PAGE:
As for the long run, I'm actually considering moving to and teaching in Fredericton, New Brunswick. From what I've seen of it, it's a lovely university town. Granted, it's not quite as a magical as Victoria, and it's perched on the banks of a river, rather than an ocean, but it may do just fine, especially given the serious economic downturns in BC (damn pine beetle!) that will likely result in migration away from there (and, consequently, falling school registers).

Meanwhile, as you may have guessed, I am now computer enabled and have ready access to the internet. That means I can soon start into the backlog of photo blog entries that I've been needing to do. I'll start with pics of where I'm living now.

Yep, even on a riding lawn mower, that front yard takes a while to mow. *chuckle*

In this shot, you can see the front end of the garage (which is monumental), a bit of the back yard, the trailer (caravan for the Brits (btw, that 'caravan' is over 34 feet long and features three tip out sections)), and, in the background, the barn.

Here's another view of that trailer.

This is the house from the back. Yes, the building on the right is the garage.

The original wall of the garden feature was falling apart as it was set improperly, allowing the stones to bulge outwards. Furthermore, there wasn't actually enough stones to complete the wall as it was originally intended. I took it completely down, shrunk the oval, set the stones at a slight inward incline so they press in together, and even took an artistic liberty or two with the arrangement. I'm rather pleased with the overall effect. Not bad for my first dabbling with landscaping, eh?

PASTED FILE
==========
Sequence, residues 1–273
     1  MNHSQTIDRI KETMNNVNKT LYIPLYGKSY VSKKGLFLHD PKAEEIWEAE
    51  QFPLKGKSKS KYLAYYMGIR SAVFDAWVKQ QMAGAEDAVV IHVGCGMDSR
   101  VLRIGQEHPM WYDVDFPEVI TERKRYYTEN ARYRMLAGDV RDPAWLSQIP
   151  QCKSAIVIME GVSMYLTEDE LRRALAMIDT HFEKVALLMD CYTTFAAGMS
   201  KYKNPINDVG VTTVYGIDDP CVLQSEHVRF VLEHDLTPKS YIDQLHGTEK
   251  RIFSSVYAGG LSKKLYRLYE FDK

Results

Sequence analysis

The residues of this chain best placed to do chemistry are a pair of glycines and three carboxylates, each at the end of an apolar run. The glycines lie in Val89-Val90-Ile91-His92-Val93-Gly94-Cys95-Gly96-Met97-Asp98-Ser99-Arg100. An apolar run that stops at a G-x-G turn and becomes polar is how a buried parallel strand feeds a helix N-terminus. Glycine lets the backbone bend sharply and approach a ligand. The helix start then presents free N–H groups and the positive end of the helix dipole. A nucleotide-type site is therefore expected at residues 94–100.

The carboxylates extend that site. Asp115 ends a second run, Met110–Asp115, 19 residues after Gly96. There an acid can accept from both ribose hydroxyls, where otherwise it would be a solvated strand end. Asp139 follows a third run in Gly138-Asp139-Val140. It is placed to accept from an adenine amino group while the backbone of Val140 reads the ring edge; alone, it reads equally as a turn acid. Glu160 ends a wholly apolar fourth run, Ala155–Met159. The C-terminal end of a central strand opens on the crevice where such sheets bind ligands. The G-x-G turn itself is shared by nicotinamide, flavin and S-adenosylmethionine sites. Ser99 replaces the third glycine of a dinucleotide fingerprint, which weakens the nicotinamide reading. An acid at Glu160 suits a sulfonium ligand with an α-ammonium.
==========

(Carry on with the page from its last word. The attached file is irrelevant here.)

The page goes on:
And now for the interior of the house:

The kitchen is quite spacious with plenty of storage. It opens out into a number of rooms and a corridor.

The house features a sunken floor living room and features open architecture, large windows, and a fireplace.

My room is the smallest bedroom in the house, but, like the rest of it, is bright and airy, with a vaulted ceiling.

In general, the house features a lot of large, open areas and huge, bright windows. The house is set along a north/south axis, so sunlight (when it occurs) pours in from one side or the other. The overall effect is one of airy brightness.

Finally, here is one of our 'neighbours':